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Unsurprisingly, the record tanked. All three band members took it hard, but Ocasek maybe most of all.

“The buildup was so high, and the letdown so long,” Goodkind says. “He and Suzie were on welfare for a while.”

Goodkind moved in with his girlfriend, and the bandmates went their separate ways. Ocasek continued to take solo gigs.

“Imagine Ichabod Crane with a beret,” Goodkind says.

Eventually, Goodkind took a job at a company that specialized in album cover design. He was eager to put the old dream of rock stardom behind him.

“I could envision myself doing other things,” he says. Ocasek could not.

“It’s something I think a lot successful musicians have in common. They become successful against the odds, because the odds are never in your favor if you’re a musician. It’s just not something he ever thought about not doing.”

After yet another false start or two, with short-lived bands including Richard and the Rabbits and Cap’n Swing, Ocasek ultimately made music history with the Cars. Goodkind thinks he knows precisely why.

“To his credit, he learned a lot from disappointment. He thought long and hard about mistakes, and what to do about them. A lot of people don’t learn. They keep doing the same stupid stuff, over and over. He’d think about what went wrong, fix it, and move on to the next mistake. And then he’d move on from that one.”

Chris Rhodes, who led a soulful group that played the Boston circuit around that time, says he often bumped into Ocasek and Orr around Harvard Square, “hanging out, wearing plaid cowboy shirts.”

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“Next thing you know, they’re playing the Rat. I’ve got to say, it was a brilliant move on their part.”

In early 1978, before the Cars’ debut came out, Ocasek invited Goodkind over to his new home to hear the record. The house had a circular driveway, where he parked the new Jaguar that had taken the place of his old Volkswagen Beetle.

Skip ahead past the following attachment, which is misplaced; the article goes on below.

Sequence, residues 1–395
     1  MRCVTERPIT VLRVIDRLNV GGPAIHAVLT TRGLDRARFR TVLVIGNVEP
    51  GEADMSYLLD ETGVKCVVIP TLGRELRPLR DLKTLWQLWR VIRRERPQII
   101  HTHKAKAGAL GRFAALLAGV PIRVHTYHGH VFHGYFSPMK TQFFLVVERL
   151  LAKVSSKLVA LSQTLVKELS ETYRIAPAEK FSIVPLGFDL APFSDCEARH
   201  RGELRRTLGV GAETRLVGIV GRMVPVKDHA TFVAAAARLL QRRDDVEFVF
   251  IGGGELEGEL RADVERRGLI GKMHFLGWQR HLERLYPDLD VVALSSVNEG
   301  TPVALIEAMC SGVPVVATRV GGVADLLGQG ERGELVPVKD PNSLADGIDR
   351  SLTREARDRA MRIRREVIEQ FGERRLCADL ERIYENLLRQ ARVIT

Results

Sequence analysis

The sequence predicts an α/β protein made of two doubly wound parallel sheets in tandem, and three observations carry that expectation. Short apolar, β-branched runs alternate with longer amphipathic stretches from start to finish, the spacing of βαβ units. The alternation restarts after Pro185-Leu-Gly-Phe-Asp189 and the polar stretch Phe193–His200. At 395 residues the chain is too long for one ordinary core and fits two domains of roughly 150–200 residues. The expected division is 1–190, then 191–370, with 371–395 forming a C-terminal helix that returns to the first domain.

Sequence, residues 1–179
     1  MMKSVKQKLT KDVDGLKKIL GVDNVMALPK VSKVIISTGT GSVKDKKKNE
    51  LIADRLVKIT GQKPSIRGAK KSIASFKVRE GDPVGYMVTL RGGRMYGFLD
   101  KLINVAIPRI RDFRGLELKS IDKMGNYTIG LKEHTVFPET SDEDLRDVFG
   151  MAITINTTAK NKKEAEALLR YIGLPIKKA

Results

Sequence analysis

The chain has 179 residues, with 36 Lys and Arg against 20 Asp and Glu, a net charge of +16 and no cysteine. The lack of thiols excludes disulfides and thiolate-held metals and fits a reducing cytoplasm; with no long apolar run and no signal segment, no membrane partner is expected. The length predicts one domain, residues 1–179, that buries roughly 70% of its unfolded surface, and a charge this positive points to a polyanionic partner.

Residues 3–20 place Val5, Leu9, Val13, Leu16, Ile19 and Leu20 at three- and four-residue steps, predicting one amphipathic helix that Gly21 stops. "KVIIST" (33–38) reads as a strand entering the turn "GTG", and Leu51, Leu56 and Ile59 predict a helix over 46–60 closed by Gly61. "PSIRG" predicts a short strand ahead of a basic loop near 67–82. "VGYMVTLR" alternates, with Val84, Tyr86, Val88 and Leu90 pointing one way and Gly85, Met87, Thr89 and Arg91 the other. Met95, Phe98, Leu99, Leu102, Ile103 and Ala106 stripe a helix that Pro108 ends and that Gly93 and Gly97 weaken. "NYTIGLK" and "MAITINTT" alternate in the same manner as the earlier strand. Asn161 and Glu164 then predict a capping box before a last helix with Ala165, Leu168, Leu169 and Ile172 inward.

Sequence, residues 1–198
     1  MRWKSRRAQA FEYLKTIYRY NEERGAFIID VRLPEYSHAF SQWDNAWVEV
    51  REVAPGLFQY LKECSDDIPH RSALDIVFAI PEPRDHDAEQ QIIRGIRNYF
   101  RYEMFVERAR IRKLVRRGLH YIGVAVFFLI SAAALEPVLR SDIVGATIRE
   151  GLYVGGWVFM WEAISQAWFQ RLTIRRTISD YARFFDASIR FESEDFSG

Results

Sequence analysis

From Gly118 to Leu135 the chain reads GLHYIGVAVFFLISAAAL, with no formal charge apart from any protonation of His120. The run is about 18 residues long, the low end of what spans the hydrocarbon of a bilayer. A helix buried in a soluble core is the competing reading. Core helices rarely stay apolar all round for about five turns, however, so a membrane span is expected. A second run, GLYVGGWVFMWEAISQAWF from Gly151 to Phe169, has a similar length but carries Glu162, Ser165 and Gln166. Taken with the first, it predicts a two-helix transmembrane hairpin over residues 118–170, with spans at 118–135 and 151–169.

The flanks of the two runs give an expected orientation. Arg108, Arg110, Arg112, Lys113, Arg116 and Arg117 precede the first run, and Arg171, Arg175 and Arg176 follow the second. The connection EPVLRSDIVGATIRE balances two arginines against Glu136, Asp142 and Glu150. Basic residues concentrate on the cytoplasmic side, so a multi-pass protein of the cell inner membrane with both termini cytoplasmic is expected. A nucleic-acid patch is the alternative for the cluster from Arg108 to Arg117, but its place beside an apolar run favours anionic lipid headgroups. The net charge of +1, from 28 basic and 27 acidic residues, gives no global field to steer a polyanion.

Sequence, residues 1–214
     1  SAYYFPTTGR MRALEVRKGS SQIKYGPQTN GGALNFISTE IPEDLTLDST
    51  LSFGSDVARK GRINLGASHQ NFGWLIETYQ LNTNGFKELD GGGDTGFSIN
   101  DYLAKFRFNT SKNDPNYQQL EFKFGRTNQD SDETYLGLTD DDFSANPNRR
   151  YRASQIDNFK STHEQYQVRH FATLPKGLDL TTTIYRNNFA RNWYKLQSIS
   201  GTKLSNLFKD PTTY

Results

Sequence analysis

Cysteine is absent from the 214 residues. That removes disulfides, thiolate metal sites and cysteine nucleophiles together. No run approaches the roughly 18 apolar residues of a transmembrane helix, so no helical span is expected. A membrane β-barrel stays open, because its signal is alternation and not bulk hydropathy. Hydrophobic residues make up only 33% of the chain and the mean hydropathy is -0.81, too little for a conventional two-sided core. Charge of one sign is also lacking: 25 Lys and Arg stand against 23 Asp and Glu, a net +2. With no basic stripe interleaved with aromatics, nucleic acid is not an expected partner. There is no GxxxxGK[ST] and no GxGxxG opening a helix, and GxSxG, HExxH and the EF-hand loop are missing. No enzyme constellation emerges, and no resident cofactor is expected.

“We smoked a little weed, and he played the album,” Goodkind says. “And I said, ‘Holy [expletive], man, you sound like Queen!’ I mean, the harmonies, those operatic harmonies. That was [producer] Roy Thomas Baker.”

By then, Goodkind was playing lead guitar in a band led by singer Niki Aukema, featuring piano player and future E Streeter Roy Bittan. Goodkind soon moved to New York City, where he watched as Aukema’s career sputtered while the Cars blew up. He bumped into Ocasek a couple of times, once on the street, another at the airport. Then they fell out of touch.

A few years ago, Goodkind retired. He’s since fulfilled a promise he made to himself, to go back to making music. He’s playing in a couple of bands, one of which makes original music and another that plays covers of country hits from the ’90s.

Rhodes, who now lives in Asheville, N.C., where he still plays solo gigs, says Ocasek and Orr, who died in 2000, were rarities in the music world.

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“Both Ric and Ben were just really nice guys,” he says. “They weren’t stuck on themselves. They didn’t have a huge ego.

“They were just nice people who just wanted to make music.”


James Sullivan can be reached at jamesgsullivan@gmail.com. Follow him on Twitter @sullivanjames.